Investigating Long-Term Behavior of Milan Stock Exchange (Italy)

Investigating Long-Term Behavior of Milan Stock Exchange (Italy)

DOI: 10.4018/978-1-5225-9269-3.ch017

Abstract

The main purpose of this chapter is to highlight the long-term behavior of Milan Stock Exchange (Italy) based on the FTSE MIB major stock market index. The empirical analysis covers a long period of time from January 1999 to December 2013 and describes the daily stock price movements in order to identify both financial expansion and contraction cycles. However, Milan Stock Exchange is a developed stock market that exhibits a more stable behavior than emerging stock markets, even stylized facts are much lower in this case. The econometric analysis provides an exhaustive perspective, because selected stock market behavior has changed completely due to the negative influence of the global financial crisis.
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Applied Methodology

Birau (2014a) argued that the results of the empirical analysis enable access to subsequent advance stock market performance based on the case of Milan Stock Exchange (Italy). This study empirically established the relationship between the long-term behavior of Milan stock exchange and the recent financial crisis.

The global financial crisis that erupted in mid-2007 in U.S.A. triggered severe consequences on various stock markets all over across the world. Dramatically, such an extreme event is relatively rare and highly unpredictable, while being almost impossible to predict because does not follow a historical pattern. Therefore, beyond the arguments that support the validity of normal distribution assumption, dramatic financial events followed by significant stock market disturbances or crashes occurred quite frequently in recent past.

Birau, R. (2014d) suggested that the influence of economic, monetary, financial and technical factors holds a massive weight in terms of investment phenomenon dimensions considering that the significant benefits of internalization derived from international linkages and global economic interdependencies. In this regard, the impact of technical factors is determined by the widespread use of high-performance computers, high-frequency trading, increasingly sophisticated software and communications systems, in addition with the increasing volume of financial transactions, especially speculative trades.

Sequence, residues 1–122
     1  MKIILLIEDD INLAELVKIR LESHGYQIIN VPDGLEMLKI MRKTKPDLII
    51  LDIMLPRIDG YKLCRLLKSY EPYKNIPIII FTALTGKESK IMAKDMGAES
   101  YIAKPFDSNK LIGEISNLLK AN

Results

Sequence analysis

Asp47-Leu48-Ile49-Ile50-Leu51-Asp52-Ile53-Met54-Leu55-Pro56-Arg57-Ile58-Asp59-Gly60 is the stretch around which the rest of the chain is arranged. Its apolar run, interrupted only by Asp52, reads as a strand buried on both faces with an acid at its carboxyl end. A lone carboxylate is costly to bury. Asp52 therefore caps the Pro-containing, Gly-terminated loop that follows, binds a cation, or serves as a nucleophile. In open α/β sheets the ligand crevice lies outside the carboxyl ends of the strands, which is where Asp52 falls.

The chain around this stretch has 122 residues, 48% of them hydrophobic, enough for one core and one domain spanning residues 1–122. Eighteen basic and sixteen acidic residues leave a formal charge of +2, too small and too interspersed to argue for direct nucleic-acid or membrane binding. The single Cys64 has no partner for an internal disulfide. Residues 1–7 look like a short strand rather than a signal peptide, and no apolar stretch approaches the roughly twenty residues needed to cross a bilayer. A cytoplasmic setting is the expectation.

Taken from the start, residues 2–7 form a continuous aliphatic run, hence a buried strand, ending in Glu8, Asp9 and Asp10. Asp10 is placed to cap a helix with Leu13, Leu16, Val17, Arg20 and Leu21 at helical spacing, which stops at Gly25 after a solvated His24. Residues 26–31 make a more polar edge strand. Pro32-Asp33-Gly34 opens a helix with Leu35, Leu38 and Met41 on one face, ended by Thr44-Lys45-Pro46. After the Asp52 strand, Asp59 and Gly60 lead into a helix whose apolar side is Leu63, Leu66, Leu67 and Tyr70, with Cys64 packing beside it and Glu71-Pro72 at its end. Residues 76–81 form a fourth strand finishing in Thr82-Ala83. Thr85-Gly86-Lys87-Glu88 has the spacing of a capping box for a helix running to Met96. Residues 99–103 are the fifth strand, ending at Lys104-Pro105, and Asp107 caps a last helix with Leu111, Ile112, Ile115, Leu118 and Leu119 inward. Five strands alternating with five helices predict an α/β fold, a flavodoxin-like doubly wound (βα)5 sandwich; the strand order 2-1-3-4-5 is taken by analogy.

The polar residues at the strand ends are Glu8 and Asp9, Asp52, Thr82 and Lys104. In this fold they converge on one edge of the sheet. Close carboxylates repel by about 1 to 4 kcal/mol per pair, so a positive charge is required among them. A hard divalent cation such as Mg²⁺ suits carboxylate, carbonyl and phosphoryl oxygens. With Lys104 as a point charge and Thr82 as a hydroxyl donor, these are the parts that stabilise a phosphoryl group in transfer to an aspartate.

Moreover, stock crashes followed by severe financial crisis occurred quite frequently in the last century, sometimes reaching global dimensions, such as: the Great Depression between the years 1929-1933, Latin American financial debt crisis of the 1980s, Black Monday (Black Monday) in 1987, the Asian financial crisis of 1997 – 1998, Russian financial crisis or Ruble crisis in 1998, DOTCOM bubble during 2000 and 2002 and the Subprime crisis that erupted in August 2007 in U.S.A.

Financial time series, such as daily stock market returns are characterized by high-frequency and excessive volatility, respectively the stylized facts called “volatility clustering”. The continuously-compounded daily returns are calculated using the log-difference of stock markets selected indices, as follows:

978-1-5225-9269-3.ch017.m01
where p is the daily closing price.

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